Trump threatens to cut off United States aid to Palestinians


After Trump announced last month that he was recognizing Jerusalem as the capital of Israel and planned to move the USA embassy there, Palestinian Authority President Mahmoud Abbas said that the ceremony "represents a declaration that the United States has withdrawn from playing the role it has played in the past decades in sponsoring the peace process".

The Guardian calls Trump's posturing "dangerous", and says it demonstrates "a lack of understanding of the delicate mechanics that help maintain relative peace between Israelis and Palestinians".

The poll also revealed that a smaller majority, 59 percent, of Jewish Israelis believes that Trump understands Israel's real interests (versus 37 percent who thinks he does not).

Only 6 percent of Palestinian citizens thought similarly.

In a classic Trump move, the US President took to Twitter to say: "the Palestinians HUNDRED [sic] OF MILLIONS OF DOLLARS a year and get no appreciation or respect".

Senior Palestinian official Hanan Ashrawi said in a statement that "we will not be blackmailed".

"We have taken Jerusalem, the toughest part of the negotiation, off the table".

The Palestinians rely heavily on worldwide aid, with many analysts, including Israelis, saying such assistance helps maintain stability in a volatile region. "By recognizing Occupied Jerusalem as Israel's capital Donald Trump has not only violated global law, but he has also singlehandedly destroyed the very foundations of peace and condoned Israel's illegal annexation of the city".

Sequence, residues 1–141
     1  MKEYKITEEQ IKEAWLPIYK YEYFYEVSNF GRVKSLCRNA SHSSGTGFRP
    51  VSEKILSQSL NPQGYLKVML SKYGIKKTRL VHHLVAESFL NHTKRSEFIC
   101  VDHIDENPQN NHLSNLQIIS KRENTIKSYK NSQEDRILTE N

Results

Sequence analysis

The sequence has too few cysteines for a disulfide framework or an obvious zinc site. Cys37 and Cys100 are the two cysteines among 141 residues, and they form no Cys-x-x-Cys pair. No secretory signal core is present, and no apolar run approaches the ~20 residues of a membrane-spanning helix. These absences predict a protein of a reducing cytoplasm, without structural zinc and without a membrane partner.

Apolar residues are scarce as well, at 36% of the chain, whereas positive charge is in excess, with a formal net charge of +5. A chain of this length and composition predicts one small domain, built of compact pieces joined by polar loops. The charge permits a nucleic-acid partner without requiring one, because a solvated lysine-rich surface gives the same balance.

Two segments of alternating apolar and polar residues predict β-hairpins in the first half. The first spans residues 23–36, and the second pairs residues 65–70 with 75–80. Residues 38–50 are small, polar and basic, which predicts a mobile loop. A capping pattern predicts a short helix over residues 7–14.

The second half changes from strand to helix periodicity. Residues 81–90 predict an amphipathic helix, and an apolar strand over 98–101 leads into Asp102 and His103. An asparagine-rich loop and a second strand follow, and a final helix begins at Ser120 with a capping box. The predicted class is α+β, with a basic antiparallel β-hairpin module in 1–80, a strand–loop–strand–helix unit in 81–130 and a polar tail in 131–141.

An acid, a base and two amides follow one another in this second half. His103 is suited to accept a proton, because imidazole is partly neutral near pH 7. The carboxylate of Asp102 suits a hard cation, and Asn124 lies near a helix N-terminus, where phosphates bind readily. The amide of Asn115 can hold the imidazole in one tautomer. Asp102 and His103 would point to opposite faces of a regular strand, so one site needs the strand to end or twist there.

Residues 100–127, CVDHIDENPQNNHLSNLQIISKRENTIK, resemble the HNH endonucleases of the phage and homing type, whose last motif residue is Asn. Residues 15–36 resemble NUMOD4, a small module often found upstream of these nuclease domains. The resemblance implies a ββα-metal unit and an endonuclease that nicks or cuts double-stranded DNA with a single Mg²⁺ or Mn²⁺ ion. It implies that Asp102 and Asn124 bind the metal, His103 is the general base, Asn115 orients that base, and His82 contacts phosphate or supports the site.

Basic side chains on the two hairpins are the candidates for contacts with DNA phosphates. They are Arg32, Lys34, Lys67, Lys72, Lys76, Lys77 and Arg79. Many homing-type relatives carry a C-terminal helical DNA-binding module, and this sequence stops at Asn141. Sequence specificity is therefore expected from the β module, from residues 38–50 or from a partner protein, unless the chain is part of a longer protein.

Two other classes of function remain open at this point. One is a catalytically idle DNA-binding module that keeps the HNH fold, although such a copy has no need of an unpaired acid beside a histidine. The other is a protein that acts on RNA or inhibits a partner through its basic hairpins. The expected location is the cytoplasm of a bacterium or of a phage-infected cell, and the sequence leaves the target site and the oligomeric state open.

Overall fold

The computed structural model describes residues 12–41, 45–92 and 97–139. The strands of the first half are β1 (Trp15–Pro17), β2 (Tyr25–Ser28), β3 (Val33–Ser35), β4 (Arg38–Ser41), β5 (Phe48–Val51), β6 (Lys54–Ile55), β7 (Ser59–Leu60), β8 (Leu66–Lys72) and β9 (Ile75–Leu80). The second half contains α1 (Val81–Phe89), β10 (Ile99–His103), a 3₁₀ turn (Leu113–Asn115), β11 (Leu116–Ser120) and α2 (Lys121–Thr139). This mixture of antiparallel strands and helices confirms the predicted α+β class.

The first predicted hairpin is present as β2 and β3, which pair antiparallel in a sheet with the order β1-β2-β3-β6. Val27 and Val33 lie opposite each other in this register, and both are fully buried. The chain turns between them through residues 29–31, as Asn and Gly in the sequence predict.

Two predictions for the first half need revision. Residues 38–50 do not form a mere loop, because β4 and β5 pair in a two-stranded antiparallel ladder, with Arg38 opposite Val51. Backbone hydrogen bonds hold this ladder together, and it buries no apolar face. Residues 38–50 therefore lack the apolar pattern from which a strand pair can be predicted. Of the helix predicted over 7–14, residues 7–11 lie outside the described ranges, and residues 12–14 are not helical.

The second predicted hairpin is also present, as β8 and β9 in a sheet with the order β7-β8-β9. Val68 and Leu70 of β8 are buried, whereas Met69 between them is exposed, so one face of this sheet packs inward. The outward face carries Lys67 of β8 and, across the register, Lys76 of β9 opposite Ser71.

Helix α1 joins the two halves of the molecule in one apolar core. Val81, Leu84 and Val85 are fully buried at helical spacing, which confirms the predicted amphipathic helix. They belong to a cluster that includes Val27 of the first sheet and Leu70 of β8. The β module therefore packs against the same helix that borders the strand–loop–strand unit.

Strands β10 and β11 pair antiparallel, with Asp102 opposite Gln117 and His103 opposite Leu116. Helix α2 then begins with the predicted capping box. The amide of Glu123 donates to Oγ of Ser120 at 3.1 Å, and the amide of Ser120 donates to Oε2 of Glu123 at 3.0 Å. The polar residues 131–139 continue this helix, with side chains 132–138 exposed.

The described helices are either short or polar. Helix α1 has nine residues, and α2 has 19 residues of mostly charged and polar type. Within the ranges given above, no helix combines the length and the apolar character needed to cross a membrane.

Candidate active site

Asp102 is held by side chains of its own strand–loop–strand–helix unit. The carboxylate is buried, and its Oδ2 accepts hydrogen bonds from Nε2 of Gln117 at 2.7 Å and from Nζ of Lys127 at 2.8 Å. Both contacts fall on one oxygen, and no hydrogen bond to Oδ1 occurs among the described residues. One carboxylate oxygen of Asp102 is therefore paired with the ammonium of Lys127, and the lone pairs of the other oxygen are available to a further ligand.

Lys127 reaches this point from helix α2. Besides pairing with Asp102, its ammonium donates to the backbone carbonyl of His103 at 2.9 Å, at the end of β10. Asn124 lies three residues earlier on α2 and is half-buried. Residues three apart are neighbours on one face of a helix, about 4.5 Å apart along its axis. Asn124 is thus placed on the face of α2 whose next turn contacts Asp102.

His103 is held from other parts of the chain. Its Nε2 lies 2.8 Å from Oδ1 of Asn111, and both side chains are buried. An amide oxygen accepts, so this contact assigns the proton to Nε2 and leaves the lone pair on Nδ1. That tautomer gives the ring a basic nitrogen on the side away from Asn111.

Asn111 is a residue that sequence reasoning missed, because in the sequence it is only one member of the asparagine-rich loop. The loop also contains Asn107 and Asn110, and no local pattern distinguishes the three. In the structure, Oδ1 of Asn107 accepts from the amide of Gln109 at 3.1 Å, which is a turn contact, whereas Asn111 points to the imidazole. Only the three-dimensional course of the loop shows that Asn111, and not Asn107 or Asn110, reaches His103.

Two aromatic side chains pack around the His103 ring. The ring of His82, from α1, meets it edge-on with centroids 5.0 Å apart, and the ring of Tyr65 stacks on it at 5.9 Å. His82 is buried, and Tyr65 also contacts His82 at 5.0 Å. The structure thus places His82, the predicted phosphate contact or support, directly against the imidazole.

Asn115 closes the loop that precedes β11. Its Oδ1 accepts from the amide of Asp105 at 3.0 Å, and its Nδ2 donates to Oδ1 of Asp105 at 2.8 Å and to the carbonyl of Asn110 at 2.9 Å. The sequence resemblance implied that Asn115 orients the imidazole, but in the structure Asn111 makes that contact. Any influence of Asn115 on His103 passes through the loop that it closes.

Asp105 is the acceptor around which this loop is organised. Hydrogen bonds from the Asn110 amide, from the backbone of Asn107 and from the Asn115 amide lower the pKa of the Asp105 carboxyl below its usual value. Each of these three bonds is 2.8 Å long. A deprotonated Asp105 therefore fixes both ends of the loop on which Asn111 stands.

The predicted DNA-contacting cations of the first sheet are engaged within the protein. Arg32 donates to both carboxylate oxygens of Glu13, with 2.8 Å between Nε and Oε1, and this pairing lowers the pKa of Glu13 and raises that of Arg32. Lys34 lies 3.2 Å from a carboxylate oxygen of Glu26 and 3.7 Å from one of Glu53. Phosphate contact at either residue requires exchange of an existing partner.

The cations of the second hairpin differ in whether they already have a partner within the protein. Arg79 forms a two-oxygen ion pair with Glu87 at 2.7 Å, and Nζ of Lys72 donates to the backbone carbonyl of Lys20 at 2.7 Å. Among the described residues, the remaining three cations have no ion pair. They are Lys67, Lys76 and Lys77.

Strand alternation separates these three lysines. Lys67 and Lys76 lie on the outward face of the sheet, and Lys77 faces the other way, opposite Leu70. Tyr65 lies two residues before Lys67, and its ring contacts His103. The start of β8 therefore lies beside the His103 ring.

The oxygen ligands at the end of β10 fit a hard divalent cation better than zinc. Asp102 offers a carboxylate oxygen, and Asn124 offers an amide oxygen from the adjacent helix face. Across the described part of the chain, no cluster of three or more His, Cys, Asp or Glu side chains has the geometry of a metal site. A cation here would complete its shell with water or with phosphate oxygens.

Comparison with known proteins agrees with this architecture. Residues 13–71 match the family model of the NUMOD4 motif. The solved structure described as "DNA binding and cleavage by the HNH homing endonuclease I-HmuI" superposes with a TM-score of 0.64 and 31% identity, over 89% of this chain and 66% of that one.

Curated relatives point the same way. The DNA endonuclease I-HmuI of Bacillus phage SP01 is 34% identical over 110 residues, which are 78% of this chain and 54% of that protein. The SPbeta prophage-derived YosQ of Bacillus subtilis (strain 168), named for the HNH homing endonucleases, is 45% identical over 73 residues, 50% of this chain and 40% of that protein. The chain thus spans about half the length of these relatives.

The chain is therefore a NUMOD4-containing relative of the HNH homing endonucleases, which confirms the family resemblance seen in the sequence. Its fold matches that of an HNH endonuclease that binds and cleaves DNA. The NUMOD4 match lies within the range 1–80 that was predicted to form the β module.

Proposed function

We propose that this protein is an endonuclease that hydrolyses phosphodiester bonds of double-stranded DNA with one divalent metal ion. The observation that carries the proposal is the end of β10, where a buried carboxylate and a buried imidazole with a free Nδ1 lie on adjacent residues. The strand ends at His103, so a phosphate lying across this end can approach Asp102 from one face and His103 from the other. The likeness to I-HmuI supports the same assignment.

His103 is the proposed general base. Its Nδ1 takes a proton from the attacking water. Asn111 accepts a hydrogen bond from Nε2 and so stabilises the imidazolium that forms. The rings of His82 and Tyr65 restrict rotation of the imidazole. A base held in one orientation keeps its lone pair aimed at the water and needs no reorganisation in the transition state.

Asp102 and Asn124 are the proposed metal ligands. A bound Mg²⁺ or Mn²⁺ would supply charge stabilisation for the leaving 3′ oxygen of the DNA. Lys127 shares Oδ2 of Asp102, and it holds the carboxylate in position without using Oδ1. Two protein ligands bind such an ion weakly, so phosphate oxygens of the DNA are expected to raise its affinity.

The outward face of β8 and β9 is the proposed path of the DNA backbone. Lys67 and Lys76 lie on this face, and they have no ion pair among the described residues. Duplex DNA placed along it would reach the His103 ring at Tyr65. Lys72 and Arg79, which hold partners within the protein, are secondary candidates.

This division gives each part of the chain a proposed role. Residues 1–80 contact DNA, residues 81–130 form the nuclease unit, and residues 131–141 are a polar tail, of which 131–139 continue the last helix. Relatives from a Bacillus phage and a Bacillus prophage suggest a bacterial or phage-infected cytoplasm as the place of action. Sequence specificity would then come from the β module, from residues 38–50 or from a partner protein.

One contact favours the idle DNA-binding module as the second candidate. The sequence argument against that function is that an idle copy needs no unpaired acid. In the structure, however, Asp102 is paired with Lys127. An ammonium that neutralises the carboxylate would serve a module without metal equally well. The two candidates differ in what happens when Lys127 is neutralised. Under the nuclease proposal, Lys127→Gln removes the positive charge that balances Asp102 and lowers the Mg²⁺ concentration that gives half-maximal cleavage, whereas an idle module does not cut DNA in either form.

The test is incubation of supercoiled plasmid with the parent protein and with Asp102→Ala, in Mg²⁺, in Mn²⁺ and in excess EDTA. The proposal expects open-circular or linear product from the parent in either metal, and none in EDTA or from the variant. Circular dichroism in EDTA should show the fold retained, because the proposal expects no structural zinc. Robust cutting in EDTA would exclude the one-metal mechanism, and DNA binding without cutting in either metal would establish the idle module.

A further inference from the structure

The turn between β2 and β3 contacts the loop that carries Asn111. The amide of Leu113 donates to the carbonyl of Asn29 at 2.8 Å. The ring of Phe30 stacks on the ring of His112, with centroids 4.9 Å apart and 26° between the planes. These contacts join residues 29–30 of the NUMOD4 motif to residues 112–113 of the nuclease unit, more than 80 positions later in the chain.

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The US has made clear that unless the Palestinian Authority is willing to negotiate, US aid will be cut to the UNRWA, the UN's agency for Palestinian refugees.

U.S. ambassador to the United Nations Nikki Haley speaks to reporters at United Nations headquarters, January 2, 2018 in New York City.

"The president has basically said that he doesn't want to give any additional funding, or stop funding, until the Palestinians are agreeing to come back to the negotiation table".

In 2016, the United States Agency for International Development, a division of the State Department, dispensed more than $290 million in funding for humanitarian projects in Palestinian-controlled areas of the West Bank.

"We still very much want to have a peace process, nothing changes that", she said.

Trump tasked son-in-law Jared Kushner with restarting the effort, and brought his former attorney, Jason Greenblatt, into the White House to lead the negotiations. It later said the ambassador would return.

He has heaped pressure on Palestinians to do a deal, threatening to close the de facto "embassy" in Washington in addition to recognising Israel's contested claim on Jerusalem and now threatening aid.